Sisters

by ...

Ayelet Tsabari

 

I should have told you in that synagogue
in Montreal during our brother’s wedding
to a girl from Hampstead.
Our entire family had flown over
from Israel, unabashed and un-Canadian,
me from Vancouver; you, from your
once-in-a-lifetime backpacking trip to India.

While the rabbi spoke of faith and matrimony
one of our sisters-in-law leaned
over and whispered, jerking her chin
toward you in the other row: Her ex-boyfriend.
A motorcycle accident. But don’t tell her.
She’s travelling. She’s having fun.
Don’t tell her. And so, oddly obedient, I didn’t.

I didn’t at the reception, you: luminous
in your green dress, bought in a market
in Jaipur, sparkling silk speckled
with mirrors like a Bollywood disco ball.
I didn’t in my Vancouver basement
apartment, where you came to stay,
backpack and all, woke up one morning

from the bed we shared and said, “I dreamt
about him. He lived on Dead Street.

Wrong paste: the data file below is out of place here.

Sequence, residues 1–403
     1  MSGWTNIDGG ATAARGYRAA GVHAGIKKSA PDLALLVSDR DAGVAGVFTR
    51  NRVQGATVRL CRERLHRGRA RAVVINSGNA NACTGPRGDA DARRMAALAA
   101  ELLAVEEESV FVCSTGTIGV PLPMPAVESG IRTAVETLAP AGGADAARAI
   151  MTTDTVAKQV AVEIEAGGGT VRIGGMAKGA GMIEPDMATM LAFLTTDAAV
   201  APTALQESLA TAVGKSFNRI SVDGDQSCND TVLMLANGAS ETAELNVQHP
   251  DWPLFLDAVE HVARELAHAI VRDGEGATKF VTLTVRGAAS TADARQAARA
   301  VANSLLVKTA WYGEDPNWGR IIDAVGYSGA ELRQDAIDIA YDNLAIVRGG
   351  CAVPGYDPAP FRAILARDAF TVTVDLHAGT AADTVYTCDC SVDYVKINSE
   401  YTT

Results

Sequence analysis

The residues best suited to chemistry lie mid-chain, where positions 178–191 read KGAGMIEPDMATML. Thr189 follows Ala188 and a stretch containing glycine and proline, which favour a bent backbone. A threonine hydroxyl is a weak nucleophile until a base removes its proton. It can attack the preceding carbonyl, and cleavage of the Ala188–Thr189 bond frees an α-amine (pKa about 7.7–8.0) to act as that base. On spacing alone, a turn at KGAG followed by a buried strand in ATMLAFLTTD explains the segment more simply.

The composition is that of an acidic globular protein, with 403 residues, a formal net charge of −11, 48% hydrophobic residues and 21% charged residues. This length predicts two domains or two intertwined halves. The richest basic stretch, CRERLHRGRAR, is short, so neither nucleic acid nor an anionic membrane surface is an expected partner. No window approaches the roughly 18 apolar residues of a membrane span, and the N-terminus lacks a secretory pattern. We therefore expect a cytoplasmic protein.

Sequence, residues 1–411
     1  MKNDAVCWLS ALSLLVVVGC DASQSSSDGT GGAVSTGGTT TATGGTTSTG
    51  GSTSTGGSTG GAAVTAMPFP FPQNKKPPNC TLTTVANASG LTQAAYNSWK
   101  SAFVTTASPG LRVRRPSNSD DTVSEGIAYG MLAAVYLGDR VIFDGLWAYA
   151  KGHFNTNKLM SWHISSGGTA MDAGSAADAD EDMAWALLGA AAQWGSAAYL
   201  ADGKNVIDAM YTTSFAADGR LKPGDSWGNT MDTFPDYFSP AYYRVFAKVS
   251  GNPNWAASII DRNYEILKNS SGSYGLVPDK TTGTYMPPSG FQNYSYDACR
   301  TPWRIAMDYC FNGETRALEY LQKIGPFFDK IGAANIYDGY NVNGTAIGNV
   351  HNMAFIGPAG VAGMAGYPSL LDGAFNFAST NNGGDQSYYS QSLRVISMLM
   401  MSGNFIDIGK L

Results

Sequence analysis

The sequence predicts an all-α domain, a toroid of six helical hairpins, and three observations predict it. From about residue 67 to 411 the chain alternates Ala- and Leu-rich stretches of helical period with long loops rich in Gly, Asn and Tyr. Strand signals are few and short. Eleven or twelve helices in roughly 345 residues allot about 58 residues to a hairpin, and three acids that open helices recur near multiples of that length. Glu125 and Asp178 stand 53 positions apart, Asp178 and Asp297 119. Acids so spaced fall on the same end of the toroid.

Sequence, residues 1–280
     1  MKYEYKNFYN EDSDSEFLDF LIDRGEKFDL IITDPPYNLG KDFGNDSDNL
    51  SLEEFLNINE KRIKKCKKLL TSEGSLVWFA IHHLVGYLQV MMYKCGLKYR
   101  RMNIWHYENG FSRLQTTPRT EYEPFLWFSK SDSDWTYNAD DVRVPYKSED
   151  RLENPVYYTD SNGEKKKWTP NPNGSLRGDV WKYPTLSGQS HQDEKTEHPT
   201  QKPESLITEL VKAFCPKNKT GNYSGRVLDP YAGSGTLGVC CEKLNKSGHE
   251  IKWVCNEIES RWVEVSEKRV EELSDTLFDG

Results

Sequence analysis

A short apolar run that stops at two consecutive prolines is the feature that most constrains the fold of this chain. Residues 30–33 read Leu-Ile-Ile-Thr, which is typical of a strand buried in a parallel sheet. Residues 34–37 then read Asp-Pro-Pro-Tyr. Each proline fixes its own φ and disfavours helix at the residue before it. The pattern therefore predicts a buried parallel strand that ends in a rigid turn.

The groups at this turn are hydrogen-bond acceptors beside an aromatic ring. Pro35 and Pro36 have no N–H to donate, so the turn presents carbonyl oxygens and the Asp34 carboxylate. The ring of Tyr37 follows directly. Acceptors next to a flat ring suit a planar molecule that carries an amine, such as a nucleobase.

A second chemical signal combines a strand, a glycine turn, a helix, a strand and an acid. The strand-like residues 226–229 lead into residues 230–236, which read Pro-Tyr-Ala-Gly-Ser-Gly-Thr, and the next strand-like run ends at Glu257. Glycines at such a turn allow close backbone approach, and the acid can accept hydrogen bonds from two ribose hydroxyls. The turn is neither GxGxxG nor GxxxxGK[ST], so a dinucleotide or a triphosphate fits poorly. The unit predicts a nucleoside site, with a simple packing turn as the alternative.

What does it mean?” And still I didn’t
on Wreck Beach our skin sand-studded
and sprinkled with salt our black hair blazing
tar and strung with gold, and when we swam
naked, gasping and squealing,

our Mediterranean bodies stunned then stung
by the Pacific waters. I didn’t when you broke
your toe from dancing barefoot on the sand,
or when you weaved funny plotlines for patients
at the ER, elaborate love triangles for the doctors
and staff, and we were stupid stoned—for the pain!
I almost told you many times, but didn’t;

because our father died when you were 17,
because two years later your first love
shot himself with an Uzi, and because we were
having the sunshiny, shimmery summer
of our dreams. “I just found out my ex died,”
you wrote in an email from India.
You flew back there at the end of summer,

leaving me alone in my subterranean suite,
with cool tiles that stabbed my feet,
and slivers of grey, mucky skies wedged
in small windows. And then, a moment
later: “I’m so stupid.
………………………..You must have known
all this time.” My heart dropped like an elevator

with a snapped rope, and I wished
for the weeks to unfurl backwards,
for time to unfold back upon itself,
for my words to unlodge themselves
from my throat, unsilenced,
the way as a child I pled with our father
……………………………………..to undie.

 

 

 

 

 

 

 

 

 

 

 

 

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